Saturday, April 2, 2011

Why Write?

Brandon couldn’t keep his eyes off of her. It was such a typical high school day for him, but all things considered, drastic changes were on the horizon.

Jason: Alright, alright. I’m sorry. That’s overly cliche. Here I am, trying to give you some explanations as to why a writer would write, and I’m providing terrible fiction. Kyle, what say you?

Kyle: Every novel starts with veritable pit brimming with cliches and overworked phrases. It’s simply a function of how language and our brains work. The reason I like to write is to try to find a way of telling a story that’s been told a million times in a new and unexpected way. To turn a phrase so that it catches the reader off guard.

Jason: Does that also refer to the elements of story? For instance, if while Brandon is thinking about this hottie at school, he gets tossed into a Tornado. Or is that missing the point?

Kyle: Granted, that might be a unique twist(er), however, novelty or shock simply for the sake of, might not be the best option either.

Jason: Well, in that case, it might also depend on the genre. Sometimes you can get away with some real random stuff, as long as you give some basis for it later on. Some writers stick to one only. Nora Roberts. Stephen King is just strange (cell phone zombies). But, you have to admit that sometimes it’s hard to come up with that “novel” idea. Well, not for me, but you get the point.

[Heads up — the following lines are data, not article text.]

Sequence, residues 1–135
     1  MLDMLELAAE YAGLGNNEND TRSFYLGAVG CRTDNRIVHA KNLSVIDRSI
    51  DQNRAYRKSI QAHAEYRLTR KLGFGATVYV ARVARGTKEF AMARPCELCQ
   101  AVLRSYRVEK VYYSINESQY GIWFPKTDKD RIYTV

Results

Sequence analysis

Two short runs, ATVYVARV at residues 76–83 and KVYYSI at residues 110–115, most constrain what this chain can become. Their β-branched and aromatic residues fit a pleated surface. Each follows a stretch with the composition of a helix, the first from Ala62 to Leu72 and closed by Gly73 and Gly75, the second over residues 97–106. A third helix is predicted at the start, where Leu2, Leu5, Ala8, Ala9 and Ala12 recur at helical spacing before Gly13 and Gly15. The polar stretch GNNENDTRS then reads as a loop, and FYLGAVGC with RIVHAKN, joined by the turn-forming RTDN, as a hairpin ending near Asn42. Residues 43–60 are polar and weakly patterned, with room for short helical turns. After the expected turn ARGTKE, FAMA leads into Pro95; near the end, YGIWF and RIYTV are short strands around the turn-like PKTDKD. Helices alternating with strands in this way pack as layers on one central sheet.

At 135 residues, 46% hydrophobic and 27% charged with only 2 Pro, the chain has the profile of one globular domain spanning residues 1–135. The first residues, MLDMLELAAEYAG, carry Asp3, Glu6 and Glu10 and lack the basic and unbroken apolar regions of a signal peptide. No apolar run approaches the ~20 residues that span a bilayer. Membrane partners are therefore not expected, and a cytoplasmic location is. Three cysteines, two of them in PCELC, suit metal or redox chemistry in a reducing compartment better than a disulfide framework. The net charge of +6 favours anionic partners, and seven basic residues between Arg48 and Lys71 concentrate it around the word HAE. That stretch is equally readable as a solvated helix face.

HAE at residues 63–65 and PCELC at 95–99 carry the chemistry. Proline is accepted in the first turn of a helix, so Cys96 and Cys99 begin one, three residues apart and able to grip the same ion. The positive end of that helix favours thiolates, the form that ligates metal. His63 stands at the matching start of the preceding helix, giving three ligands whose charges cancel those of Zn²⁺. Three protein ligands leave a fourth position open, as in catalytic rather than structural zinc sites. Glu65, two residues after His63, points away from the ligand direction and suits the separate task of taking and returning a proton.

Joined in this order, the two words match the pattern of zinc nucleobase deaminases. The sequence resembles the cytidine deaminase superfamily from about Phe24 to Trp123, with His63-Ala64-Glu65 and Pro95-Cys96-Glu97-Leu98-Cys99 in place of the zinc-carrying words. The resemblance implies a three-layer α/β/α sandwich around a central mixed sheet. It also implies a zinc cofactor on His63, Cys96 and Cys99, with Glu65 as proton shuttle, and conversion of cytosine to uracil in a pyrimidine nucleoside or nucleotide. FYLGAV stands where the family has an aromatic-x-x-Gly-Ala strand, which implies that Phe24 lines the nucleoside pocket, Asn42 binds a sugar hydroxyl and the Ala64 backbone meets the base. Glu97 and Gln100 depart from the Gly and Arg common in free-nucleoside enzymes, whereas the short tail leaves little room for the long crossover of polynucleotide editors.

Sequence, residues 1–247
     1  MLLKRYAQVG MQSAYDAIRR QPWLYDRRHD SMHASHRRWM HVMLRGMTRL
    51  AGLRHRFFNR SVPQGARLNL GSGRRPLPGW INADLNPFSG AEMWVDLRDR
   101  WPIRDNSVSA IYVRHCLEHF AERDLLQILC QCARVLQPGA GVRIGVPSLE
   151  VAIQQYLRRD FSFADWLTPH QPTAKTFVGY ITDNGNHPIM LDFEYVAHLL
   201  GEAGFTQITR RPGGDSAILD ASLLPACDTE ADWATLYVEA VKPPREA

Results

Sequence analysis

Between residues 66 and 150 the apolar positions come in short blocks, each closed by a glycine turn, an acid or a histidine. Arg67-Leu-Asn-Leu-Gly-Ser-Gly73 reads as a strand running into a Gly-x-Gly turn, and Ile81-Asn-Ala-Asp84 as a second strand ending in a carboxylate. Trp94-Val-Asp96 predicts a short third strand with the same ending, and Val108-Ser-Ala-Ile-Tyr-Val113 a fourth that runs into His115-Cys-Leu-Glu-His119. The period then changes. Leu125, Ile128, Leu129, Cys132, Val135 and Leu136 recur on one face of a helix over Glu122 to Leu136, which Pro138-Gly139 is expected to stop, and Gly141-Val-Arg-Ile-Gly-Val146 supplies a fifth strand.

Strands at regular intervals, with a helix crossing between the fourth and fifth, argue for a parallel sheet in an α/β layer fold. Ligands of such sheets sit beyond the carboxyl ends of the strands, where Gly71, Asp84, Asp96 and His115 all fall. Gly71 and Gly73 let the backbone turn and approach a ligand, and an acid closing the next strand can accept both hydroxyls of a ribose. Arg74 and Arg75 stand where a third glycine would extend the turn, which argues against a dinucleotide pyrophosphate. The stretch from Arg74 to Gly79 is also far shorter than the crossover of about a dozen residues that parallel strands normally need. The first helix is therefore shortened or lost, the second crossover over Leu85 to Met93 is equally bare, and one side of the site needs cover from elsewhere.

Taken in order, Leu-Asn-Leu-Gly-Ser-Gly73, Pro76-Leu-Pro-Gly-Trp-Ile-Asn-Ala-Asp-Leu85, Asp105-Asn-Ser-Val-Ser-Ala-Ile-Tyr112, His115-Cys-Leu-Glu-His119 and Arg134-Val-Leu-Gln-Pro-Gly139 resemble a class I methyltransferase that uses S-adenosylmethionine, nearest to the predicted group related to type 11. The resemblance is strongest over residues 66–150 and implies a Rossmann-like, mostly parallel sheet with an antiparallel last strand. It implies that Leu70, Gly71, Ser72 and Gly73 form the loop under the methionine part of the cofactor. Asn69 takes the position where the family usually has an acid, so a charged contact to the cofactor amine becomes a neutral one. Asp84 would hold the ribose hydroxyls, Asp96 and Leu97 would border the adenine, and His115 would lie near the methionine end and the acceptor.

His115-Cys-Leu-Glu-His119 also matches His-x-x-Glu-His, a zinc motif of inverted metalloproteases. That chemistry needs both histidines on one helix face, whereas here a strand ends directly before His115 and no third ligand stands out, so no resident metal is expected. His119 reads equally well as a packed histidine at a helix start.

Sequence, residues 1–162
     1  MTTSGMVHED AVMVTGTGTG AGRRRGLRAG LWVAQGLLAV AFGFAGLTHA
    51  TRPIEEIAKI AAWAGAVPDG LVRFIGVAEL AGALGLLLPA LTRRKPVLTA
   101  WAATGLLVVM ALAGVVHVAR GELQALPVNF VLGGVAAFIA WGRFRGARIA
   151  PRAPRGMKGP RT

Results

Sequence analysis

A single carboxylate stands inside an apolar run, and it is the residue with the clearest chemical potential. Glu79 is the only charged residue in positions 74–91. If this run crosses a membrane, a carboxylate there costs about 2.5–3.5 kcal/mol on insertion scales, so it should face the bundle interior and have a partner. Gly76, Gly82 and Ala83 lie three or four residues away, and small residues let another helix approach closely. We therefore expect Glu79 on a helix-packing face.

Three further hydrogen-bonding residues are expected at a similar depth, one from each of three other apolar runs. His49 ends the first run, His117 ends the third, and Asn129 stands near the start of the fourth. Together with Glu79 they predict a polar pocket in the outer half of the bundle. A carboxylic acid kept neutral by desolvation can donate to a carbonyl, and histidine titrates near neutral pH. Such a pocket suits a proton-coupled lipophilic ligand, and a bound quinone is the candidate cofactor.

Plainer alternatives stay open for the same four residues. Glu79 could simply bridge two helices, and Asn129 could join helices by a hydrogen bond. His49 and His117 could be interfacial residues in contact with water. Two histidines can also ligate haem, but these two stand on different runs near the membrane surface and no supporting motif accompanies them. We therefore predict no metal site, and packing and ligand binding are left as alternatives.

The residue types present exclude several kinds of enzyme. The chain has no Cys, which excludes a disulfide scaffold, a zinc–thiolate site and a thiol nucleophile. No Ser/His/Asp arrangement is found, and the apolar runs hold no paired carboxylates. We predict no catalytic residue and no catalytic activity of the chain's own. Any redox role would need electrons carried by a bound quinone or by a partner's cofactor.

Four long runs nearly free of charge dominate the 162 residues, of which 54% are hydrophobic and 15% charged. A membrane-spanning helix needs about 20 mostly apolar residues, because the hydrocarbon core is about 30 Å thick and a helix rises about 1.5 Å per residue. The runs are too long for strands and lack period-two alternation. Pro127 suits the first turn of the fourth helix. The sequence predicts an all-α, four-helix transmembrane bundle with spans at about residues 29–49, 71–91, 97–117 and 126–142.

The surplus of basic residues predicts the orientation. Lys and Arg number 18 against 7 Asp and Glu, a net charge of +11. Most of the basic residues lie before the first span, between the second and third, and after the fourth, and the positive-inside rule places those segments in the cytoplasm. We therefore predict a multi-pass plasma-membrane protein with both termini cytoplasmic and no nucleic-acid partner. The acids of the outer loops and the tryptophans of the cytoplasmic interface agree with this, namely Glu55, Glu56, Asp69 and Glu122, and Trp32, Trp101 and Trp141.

Kyle: Absolutely. But that’s exactly why it’s so crucial to continue writing, especially when everything you write sounds like a shallow cliche.

Jason: I swim in the deep end. Floaties and all.

Kyle: Exactly. Just Dive in. And expect to receive a few belly flops for your trouble.

Jason: Is there a point, though, when it becomes apparent whether or not you can “successfully” submerge into the kraken’s world? I don’t want to be doing 20 belly flops, you know.

Kyle: You mean, is there a point where you need to call it quits? Sure. I would say that if you’re not enjoying the actual process of being creative and writing, then you should maybe reconsider boobies/careers. I don’t mean to say quit if it’s hard, or if someone says something negative about your writing. But if you no longer find joy in sitting alone and putting words on paper, absent the pressure of wondering what others will think, then it’s over.

Jason: Or write the sequel. But yes, very fair point. I’m sure it goes quite the same for singers and song-writers. If they don’t enjoy it anymore, even if they have talent, perhaps moving onto something else, at least for a time, would be a better option. I love writing, but I’d also like to make a living off of it. If I’m never going to be able to do that, I’m going to ease off. In the last post, I mentioned defining new worlds and delving into the words. The creative process can be wonderful, but also terrifying and stressful.

Kyle: Well, my head hurts. Anything else you think we should share with our legions of readers?  

Jason: To “Write on” or “Left Off”? I say “Write On.”

Kyle: You will be punished for that line. :-D


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